Once solitary, rare, remembered:
places marked with pushpins, four or five,
spaced wide, across a nation’s map.
But pins and places crowded closer,
north and south and west—
beltway drivers dropped by snipers,
a movie crowd machine-gunned,
six-year-olds slaughtered in a school,
marathon watchers maimed in Boston,
a nightclub made nightmare,
a concert ground turned killing field,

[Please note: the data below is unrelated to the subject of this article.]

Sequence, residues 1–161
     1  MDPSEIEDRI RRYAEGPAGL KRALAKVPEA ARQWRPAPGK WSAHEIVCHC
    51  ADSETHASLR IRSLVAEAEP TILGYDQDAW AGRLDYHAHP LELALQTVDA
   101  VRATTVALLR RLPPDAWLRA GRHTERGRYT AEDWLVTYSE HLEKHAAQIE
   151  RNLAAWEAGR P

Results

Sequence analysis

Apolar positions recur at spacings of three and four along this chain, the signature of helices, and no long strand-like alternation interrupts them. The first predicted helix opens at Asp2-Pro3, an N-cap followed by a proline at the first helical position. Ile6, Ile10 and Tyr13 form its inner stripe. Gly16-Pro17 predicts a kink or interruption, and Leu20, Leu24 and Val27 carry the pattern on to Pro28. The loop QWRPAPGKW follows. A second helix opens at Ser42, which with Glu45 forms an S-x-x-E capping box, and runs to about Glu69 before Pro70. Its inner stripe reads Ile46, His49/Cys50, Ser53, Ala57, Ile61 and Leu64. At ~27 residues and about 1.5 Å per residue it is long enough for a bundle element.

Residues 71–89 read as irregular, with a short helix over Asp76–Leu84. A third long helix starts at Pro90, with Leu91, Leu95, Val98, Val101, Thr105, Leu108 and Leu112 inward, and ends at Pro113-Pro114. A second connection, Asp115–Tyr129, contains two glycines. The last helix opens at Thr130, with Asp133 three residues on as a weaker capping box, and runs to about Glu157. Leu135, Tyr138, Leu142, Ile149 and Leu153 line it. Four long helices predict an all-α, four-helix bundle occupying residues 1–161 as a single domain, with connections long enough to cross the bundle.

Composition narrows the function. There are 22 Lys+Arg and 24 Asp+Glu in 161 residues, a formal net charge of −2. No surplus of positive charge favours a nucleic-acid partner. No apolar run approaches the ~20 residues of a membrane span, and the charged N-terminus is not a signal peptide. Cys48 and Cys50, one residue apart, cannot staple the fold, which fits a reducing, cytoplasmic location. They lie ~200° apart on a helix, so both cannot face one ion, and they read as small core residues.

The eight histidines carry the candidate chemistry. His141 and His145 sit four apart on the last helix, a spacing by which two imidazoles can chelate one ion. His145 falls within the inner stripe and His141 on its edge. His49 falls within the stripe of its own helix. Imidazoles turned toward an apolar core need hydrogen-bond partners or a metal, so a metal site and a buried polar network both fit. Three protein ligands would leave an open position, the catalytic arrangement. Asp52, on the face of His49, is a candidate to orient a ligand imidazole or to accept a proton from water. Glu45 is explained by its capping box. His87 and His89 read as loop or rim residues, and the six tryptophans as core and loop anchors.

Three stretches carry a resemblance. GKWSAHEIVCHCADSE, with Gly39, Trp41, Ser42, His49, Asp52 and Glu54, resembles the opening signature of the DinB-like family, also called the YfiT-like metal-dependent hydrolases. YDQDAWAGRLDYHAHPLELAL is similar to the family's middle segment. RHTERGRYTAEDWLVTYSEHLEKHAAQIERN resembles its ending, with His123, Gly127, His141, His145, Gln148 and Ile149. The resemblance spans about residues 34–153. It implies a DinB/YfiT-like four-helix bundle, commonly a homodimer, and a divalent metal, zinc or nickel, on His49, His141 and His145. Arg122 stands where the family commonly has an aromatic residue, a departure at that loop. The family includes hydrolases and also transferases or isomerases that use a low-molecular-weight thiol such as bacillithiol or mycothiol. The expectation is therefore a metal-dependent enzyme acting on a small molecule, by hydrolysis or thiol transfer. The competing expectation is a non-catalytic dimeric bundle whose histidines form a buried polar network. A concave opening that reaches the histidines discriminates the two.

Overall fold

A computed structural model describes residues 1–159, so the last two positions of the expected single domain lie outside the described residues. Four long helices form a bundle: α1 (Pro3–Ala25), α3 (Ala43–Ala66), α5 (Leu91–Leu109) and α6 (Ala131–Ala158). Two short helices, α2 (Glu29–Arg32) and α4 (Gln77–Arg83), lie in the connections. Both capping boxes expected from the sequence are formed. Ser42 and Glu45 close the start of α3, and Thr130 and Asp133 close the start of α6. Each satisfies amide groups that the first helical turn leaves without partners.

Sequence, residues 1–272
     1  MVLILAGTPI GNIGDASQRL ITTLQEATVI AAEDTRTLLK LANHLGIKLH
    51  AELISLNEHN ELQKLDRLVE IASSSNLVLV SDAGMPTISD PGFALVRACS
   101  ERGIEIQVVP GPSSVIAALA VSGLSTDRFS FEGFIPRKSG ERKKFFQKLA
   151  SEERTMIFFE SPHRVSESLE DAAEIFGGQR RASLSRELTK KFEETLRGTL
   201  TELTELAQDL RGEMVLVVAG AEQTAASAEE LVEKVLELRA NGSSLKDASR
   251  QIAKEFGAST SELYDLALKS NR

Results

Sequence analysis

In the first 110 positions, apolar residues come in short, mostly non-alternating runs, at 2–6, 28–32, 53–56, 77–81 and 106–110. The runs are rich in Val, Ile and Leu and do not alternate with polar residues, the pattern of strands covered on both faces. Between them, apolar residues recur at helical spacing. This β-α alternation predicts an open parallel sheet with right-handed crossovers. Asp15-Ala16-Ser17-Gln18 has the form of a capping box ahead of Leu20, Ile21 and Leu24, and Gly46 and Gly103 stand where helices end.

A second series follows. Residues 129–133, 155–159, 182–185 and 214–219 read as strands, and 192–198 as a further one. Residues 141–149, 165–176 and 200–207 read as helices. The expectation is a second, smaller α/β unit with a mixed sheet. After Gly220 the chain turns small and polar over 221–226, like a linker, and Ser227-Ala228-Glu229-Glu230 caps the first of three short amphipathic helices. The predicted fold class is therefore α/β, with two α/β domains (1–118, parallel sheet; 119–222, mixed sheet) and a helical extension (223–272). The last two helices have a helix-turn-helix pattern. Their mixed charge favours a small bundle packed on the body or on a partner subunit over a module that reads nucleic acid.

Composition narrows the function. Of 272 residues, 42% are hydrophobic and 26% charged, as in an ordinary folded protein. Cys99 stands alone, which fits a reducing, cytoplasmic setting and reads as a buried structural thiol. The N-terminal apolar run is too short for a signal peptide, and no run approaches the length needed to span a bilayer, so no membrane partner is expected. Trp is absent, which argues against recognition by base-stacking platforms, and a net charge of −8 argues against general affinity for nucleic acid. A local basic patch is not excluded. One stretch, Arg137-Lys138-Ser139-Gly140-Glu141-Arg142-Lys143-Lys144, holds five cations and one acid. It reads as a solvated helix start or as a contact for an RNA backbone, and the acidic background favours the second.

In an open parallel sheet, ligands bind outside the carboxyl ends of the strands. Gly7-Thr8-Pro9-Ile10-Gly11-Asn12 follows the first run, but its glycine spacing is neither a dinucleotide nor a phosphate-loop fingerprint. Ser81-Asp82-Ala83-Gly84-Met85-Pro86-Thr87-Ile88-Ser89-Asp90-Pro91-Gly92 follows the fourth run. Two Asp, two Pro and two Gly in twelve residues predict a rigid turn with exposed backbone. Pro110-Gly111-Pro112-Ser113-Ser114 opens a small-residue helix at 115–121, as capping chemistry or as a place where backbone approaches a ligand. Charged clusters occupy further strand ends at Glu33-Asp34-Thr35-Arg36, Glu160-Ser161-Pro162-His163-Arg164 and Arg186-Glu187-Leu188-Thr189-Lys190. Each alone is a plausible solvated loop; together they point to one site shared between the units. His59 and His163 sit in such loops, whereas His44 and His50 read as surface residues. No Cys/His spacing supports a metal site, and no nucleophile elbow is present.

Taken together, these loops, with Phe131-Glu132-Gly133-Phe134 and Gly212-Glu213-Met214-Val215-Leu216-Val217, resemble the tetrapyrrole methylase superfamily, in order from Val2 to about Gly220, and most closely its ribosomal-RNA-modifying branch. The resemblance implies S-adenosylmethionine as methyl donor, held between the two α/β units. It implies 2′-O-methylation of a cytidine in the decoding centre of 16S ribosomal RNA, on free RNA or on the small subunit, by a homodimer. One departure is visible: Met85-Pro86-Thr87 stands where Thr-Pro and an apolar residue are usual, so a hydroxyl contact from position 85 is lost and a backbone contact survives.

a congregation executed on its knees.
These days, mass murder earns smaller type,
the crawl beneath prettier pictures,
a column below the paper’s fold.
These days, though breaking news, it’s brief—
body count, gun type, a record set—
a record soon trumped by mayhem madder still.
These days, from coast to coast
a people numb, a country bleeding out.